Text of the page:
More Photos from Aitutaki

Aitutaki is one of the most interesting and beautiful islands in the Cook Islands (see map). We had a fantastic time visiting there (read about it here and here) and also experienced a bit of an adventure one night when a squall hit causing us to drag anchor and briefly encounter a reef.

The island is the closest island we’ve seen to becoming an atoll. The main island is not very tall, and is surrounded by a shallow lagoon surrounded by reefs. Getting into the lagoon required going through a VERY shallow and narrow passage cut into the reef to a small port created by the islanders there. We chose to anchor in a narrow passage just outside the port – which was a beautiful spot, but did make us vulnerable to the passing squall that hit us.

I have updated our photo album for Aitutaki with a number of new photos. I’ve started adding a few photos from Jason and Lara’s collection to our albums. Lara took some nice shots from our boom during our trip through the narrow pass. And, there’s some other nice photos they took during the visit. I also have added some photos of our visit down to the southern tip of the lagoon where some beautiful white-sand island are located. They are called the “Honeymoon Islands” and some tourists visit just so they can get married on one of the little sandy islands. Many other tourists come for the best kite surfing spot we’ve seen yet! Check out the complete album here:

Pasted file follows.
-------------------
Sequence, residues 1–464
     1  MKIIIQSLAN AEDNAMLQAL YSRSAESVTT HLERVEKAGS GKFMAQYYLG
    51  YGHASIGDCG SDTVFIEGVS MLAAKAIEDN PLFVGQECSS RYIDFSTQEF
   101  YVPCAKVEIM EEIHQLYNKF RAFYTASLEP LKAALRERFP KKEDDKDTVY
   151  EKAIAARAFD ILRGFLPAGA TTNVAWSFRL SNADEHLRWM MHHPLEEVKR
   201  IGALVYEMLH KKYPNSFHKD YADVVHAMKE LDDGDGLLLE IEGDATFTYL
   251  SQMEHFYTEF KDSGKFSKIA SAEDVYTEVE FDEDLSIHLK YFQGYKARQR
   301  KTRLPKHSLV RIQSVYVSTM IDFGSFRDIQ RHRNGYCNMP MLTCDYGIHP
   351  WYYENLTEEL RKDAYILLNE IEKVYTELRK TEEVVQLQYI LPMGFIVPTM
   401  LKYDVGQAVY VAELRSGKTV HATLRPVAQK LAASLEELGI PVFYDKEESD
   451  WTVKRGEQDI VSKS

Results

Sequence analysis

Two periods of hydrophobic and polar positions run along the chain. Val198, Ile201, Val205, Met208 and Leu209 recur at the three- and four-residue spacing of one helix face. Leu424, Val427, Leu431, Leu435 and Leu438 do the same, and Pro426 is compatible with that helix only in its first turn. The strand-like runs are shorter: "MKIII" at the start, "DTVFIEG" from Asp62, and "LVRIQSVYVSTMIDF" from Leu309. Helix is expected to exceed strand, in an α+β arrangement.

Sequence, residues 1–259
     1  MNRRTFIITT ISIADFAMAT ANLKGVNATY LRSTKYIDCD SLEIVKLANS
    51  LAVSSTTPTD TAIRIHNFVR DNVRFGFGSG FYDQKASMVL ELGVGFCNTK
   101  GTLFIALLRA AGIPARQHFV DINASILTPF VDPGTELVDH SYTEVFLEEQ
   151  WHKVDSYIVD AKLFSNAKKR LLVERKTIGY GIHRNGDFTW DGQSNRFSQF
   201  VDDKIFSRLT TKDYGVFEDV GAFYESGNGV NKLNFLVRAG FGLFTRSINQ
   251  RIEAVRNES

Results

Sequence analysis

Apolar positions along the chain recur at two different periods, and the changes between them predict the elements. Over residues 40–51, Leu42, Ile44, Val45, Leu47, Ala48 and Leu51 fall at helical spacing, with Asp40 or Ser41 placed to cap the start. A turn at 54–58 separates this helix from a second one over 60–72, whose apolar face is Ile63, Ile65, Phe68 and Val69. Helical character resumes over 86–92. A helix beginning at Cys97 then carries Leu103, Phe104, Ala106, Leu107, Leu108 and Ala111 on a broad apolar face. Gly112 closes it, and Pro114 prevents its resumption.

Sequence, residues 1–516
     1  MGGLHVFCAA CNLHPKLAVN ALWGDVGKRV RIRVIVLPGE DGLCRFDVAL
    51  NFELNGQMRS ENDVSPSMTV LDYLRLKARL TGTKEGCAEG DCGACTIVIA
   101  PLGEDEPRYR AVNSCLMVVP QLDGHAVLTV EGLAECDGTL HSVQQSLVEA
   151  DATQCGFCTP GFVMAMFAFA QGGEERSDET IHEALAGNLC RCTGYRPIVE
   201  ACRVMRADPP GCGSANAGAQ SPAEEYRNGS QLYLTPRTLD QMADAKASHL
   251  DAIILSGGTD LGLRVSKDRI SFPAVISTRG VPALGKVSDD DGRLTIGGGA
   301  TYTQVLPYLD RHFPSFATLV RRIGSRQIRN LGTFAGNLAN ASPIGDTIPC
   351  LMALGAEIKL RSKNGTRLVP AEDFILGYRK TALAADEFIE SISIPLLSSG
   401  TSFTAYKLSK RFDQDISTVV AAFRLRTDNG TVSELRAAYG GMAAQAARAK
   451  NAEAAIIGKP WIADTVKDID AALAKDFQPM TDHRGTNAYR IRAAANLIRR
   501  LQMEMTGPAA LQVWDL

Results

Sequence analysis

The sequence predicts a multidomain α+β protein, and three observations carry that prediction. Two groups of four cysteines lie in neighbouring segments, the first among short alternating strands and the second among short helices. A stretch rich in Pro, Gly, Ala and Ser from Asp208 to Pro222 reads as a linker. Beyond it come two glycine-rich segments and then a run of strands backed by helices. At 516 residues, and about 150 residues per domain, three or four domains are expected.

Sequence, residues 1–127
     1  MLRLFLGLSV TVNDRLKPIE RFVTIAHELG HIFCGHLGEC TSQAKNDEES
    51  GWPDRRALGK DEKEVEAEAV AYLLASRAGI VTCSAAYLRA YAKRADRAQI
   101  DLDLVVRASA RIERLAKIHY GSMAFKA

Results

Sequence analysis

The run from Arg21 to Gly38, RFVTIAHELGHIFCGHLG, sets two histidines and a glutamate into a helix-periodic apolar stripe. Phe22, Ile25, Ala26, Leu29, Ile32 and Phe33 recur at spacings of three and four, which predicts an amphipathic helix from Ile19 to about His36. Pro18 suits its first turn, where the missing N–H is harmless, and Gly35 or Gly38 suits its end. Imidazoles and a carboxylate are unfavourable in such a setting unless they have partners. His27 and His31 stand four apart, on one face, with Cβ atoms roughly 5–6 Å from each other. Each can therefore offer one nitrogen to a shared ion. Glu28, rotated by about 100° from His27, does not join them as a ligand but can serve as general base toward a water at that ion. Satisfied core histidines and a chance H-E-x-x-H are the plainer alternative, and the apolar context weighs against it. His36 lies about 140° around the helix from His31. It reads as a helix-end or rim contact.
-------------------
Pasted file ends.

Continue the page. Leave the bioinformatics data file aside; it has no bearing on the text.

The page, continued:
View full-sized slideshow

We had to be very careful riding our dinghy down to the southern islands because of the very shallow lagoon waters. There were many reefs and rocks that could have done serious damage to our prop.
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2 Responses to More Photos from Aitutaki

  1. Brian says:

    Hi Frank, love the posts and info about Google Earth. I did have a question about Aitutaki. I see you chose to anchor near the harbor. Is this because the rest of the lagoon is too shallow to get to with your cat or was this just for convenience sake? I’m interested as it would be great to get a cat into some of the rest of the lagoon to have a closer basecamp for kiteboarding. Thanks Frank! Brian

    • Frank Taylor says:

      As far as I know, there is no published route to the lagoon. The lagoon is filled with coral heads near the surface everywhere. We were concerned about taking the dinghy into the lagoon. I can understand the desire to go kiteboarding, that was probably the best spot we saw in the Pacific! But, there’s not much in the way of facilities – a pit for a john, and someone on occasion brings some drinks and food on a boat to sell.

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